Weeping cherry is a flowering ornamental tree whose branches cascade downward or droop in a slight fountain form. The trees thrive in USDA zones 5 through 8 and bloom in profusion in the spring before the green leaves unfurl. Its flowers are very pale pink to almost white. Weeping cherry trees are fast growing and, while they are not considered to be a high-maintenance tree, have a few requirements that must be met to ensure a healthy and productive tree.
Siting and Exposure
Site your weeping cherry tree in either full sun or lightly filtered shade exposure, because diminished sun will result in diminished bloom. Plant the tree in a location that is protected from winds to prevent bud drop and diminished bloom.
Soil Texture and Content
Provide a nutrient-rich, easy-draining and slightly acidic soil that is either loamy, lightly clay, humus or sandy. Weeping cherry struggles with stagnant water in the soil or with persistent drought. Soil that has enough organic matter to hold moisture but not so dense that it allows water to pool in the soil is ideal.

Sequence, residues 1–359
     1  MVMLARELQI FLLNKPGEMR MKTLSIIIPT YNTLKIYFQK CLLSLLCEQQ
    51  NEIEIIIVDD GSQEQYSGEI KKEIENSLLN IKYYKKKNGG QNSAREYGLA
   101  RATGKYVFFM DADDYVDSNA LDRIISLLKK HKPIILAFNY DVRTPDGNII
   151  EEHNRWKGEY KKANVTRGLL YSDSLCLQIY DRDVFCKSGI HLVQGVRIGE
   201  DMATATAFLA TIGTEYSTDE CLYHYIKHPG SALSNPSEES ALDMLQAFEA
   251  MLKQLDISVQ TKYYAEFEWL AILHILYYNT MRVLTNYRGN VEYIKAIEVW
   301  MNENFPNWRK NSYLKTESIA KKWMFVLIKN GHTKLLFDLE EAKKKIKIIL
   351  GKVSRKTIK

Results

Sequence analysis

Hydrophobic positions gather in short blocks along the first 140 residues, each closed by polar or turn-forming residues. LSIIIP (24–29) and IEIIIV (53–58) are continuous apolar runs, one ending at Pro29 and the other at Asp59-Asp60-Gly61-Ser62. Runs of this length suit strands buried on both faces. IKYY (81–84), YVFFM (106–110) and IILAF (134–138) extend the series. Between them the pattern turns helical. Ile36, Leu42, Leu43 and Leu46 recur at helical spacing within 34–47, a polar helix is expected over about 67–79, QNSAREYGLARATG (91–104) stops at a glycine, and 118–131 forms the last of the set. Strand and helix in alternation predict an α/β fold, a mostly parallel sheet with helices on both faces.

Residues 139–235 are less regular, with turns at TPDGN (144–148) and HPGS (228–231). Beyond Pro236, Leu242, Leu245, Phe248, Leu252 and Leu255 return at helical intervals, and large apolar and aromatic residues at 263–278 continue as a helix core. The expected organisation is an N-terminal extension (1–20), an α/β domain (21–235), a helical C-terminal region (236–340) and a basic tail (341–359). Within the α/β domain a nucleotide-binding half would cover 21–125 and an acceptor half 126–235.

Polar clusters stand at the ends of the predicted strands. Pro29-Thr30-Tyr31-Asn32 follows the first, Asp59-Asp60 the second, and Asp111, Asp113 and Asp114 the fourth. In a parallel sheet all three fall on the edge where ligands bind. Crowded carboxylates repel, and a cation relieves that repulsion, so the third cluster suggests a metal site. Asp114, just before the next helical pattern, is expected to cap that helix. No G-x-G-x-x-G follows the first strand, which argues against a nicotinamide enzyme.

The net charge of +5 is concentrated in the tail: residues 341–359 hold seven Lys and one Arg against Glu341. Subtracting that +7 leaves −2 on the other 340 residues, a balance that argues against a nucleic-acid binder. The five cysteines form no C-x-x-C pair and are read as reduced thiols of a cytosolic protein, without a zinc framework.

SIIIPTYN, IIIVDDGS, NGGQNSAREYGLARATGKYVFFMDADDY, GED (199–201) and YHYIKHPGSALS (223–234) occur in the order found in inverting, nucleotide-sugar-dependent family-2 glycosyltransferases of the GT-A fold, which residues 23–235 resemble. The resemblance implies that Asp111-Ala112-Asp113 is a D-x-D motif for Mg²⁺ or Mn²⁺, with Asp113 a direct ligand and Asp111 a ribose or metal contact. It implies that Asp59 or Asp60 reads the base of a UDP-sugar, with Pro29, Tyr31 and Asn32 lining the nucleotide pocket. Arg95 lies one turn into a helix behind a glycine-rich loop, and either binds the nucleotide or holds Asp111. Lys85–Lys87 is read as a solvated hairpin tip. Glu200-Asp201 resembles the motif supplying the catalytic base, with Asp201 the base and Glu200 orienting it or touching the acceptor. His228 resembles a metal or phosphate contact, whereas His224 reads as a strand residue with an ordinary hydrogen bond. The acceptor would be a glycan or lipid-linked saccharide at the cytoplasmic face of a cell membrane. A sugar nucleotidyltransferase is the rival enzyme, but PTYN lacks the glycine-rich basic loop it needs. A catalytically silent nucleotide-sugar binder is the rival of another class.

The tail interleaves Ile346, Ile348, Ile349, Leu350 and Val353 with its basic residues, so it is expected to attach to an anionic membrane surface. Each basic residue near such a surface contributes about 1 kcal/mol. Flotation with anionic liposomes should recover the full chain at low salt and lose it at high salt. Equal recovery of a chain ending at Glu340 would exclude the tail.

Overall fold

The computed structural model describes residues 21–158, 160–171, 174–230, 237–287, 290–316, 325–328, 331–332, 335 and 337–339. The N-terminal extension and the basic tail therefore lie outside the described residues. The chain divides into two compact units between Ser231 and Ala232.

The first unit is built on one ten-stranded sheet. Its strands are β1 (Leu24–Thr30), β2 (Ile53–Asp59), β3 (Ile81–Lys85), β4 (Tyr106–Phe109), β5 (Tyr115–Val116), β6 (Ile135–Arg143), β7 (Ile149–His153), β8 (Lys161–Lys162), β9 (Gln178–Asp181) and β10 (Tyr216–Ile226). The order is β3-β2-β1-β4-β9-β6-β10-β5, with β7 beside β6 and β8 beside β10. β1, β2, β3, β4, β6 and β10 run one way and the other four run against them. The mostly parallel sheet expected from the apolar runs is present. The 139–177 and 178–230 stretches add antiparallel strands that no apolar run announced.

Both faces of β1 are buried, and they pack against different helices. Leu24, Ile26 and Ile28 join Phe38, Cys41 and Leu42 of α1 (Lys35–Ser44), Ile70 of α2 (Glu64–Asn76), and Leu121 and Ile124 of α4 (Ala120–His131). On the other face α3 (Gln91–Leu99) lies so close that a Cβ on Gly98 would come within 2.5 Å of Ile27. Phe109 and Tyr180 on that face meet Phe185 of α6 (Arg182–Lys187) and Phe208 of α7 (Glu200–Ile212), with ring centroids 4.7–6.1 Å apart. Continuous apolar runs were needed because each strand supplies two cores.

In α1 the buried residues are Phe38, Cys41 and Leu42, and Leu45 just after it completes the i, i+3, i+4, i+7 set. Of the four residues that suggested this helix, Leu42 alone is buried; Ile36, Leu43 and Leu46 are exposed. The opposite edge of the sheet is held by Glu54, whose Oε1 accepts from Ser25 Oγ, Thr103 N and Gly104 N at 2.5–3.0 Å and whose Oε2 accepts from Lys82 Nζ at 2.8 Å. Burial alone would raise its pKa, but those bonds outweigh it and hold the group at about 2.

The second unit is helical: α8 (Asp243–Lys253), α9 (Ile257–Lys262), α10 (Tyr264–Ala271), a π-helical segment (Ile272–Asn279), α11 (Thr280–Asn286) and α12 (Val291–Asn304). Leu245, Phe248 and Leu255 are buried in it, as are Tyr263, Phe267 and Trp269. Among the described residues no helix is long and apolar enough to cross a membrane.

Irrigation and Mulching
Irrigate weeping cherry regularly so that the soil around the roots is evenly moist at all times but not sopping wet. While the tree can tolerate some drought over short periods, persistent drought conditions can hinder the performance of the tree, causing leaf loss and tissue death. Mulch around the base of the tree with shredded bark or other organic material to hold moisture in the soil and keep any competitive weeds at bay.
Spacing and Clearance
Select a location to accommodate the tree at its mature size to prevent the need for transplanting. Allow 30 feet in clearance height from the nearest structure or utility line, and at least 20 feet in spread, giving the canopy room to adopt its natural weeping and spreading shape.